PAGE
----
The Colorado Independent, in a story titled "Coloradans mostly agree with Bennet not Buck on don't-ask-don't-tell," reported that the majority of Coloradans supported lifting the ban. However, Buck's opinion appears to be more in line with the majority of generals and service-members.

Click for Michael Bennet on other issues.   Source: Greeley Gazette coverage of 2010 Colorado Senate debate

Rand Paul on Gays in Military: (Homeland Security Sep 23, 2010)
Military should decide don't-ask-don't-tell policy

Democratic US Senate nominee Jack Conway says gays should be allowed to serve openly in the US military, while his Republican rival, Rand Paul, says the military should decide the issue. Kentucky's US Senate candidates were asked their opinions on the so-called "Don't Ask, Don't Tell" policy in the wake of this week's unsuccessful effort by Democrats in the US Senate to repeal it.

When Conway was asked whether gays and lesbians should be allowed to serve openly in the military, he said "yes," without elaborating.

Paul's campaign spokesman said in an e-mail without elaboration, "Dr. Paul believes this is a matter that should be decided by the leadership of the military, not through political posturing."

Republicans in the US Senate this week stopped a repeal of "Don't Ask, Don't Tell" when Democrats attached an amendment seeking the repeal to a defense bill. Republicans said a Pentagon study on the impact of ending the policy should be completed before there is any move toward repeal.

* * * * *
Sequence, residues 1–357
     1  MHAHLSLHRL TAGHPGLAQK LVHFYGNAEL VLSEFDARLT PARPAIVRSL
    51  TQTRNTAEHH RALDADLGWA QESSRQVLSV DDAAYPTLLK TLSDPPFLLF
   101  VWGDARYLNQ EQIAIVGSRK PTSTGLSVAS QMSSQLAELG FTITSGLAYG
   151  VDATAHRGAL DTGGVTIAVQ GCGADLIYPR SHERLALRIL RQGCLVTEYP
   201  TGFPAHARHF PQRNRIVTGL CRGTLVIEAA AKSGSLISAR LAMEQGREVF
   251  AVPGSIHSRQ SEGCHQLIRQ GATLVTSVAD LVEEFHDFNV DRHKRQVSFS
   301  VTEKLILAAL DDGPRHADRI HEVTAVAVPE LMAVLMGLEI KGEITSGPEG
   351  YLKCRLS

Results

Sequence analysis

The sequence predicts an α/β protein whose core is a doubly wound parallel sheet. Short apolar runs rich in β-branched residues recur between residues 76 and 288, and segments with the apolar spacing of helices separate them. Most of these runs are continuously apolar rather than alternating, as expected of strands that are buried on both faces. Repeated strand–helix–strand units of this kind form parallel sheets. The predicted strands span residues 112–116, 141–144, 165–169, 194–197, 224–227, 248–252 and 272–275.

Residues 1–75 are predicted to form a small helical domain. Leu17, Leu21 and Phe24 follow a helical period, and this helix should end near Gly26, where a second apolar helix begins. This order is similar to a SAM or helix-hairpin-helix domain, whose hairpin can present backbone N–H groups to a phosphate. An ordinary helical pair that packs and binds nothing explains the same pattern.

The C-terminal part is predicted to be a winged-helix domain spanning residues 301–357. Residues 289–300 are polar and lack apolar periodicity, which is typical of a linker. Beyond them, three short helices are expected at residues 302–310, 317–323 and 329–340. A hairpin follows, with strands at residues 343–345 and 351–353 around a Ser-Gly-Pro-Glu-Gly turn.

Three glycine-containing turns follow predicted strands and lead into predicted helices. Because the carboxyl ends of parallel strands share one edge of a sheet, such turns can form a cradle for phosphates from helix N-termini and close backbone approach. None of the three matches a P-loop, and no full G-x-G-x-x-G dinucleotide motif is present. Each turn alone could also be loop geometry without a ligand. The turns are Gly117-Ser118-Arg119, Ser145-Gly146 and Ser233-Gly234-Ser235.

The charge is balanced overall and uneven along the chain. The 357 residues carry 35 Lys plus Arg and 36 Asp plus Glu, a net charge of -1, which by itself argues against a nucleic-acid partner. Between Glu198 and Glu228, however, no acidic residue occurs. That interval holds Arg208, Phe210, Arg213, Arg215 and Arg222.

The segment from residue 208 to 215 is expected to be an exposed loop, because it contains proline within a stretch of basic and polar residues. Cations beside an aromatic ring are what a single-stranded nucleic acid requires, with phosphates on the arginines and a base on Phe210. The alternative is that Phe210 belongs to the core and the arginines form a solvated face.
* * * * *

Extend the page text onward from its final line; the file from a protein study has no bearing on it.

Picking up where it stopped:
Click for Rand Paul on other issues.   Source: Lexington Herald-Leader on 2010 Kentucky Senate debate

Barack Obama on Gays in Military: (Homeland Security Apr 13, 2010)
OpEd: Promised to close Guantanamo but it's still open

You may disagree with many of these promises. You're probably glad they failed. But don't let that stop you from using them to defeat Obama.
Click for Barack Obama on other issues.   Source: Take Back America, by Dick Morris, p.262

Barack Obama on Gays in Military: (Homeland Security Aug 26, 2007)
Repeal Donít-Ask-Donít-Tell

Obama believes we need to repeal the ďdonít ask, donít tellĒ policy in consultation with military commanders. The key test for military service should be patriotism, a sense of duty, and a willingness to serve. Obama will work with military leaders to repeal the current policy and ensure we accomplish our national defense goals.
Click for Barack Obama on other issues.   Source: 2008 Presidential campaign website, ďFlyersĒ